It’s at that point that Preston believes the design teams’ role is paramount. He says a UX/UI team transforms from a user-centric one to a customer-centric one when it not only displays information cleanly and neatly, but thoughtfully prioritizes the right information that customers need the most.
If a customer wants to get organized and get insights, and if it means “having to go to the reports section and having to click on some buttons and generate stuff that they don’t know what it means, then we didn’t do our job,” says Preston.
3. Experiment with traditional taxonomy
In an effort to design for the customer, Preston found that the way visualizations reference terms make a huge difference in how the customer conceptualizes the product itself.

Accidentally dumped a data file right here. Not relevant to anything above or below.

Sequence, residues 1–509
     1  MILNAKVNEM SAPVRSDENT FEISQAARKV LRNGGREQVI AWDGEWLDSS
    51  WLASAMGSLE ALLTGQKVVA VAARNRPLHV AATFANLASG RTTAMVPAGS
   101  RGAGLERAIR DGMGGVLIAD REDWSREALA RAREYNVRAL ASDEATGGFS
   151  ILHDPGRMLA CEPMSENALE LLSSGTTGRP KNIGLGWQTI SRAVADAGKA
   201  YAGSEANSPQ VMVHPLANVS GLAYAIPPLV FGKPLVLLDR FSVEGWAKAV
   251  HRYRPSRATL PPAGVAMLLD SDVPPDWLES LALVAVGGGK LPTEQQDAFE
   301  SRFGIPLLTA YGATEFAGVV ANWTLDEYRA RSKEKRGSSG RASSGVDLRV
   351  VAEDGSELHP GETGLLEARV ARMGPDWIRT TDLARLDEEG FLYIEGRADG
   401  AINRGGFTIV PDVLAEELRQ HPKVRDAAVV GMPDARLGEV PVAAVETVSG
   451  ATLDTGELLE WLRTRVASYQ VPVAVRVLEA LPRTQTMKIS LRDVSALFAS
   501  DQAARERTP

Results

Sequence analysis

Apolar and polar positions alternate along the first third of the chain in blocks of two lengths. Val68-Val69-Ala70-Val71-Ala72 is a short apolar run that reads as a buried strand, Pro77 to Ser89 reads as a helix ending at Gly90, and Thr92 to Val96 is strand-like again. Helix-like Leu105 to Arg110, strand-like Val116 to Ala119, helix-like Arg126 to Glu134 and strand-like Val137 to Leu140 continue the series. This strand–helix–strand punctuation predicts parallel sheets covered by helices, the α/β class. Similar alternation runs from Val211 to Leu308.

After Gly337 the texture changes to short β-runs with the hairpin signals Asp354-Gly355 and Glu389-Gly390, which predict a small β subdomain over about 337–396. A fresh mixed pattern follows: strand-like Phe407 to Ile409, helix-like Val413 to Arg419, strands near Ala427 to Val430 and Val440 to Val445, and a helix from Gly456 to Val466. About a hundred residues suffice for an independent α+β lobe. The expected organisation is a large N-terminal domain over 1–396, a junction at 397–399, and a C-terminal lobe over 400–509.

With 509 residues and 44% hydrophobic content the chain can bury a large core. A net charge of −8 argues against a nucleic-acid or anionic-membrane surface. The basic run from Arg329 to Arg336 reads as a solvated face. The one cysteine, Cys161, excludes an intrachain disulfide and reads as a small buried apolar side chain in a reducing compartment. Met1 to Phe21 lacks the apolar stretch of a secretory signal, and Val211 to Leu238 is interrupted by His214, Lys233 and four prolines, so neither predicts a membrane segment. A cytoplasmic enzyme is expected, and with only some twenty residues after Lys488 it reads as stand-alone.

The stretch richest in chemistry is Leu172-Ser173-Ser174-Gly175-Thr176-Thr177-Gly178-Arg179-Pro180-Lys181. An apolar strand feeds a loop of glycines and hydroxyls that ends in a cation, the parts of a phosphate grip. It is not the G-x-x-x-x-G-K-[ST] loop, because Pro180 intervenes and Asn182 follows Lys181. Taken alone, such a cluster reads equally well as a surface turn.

“All you want to know as a small business owner is that you want to get paid faster. You don’t call that ‘accounts receivable’ and ‘accounts payable’, that’s foreign terminology,” he says.
So, Preston calls to designers, rename classic terms. Preston explains that UX developers have the power to“just decide that ‘No, we want to visualize [this data] in an easy to digest manner for someone who knows nothing about accounting’, and have conviction around that.” He believes this holds true for any customer-facing industry, not just accounting or financial technology.
Start by building a viz in “plain English”, Preston advises, and A/B test different names prior to full rollout to ensure intuitiveness and customer-usability.
4. There’s no such thing as an average small business owner.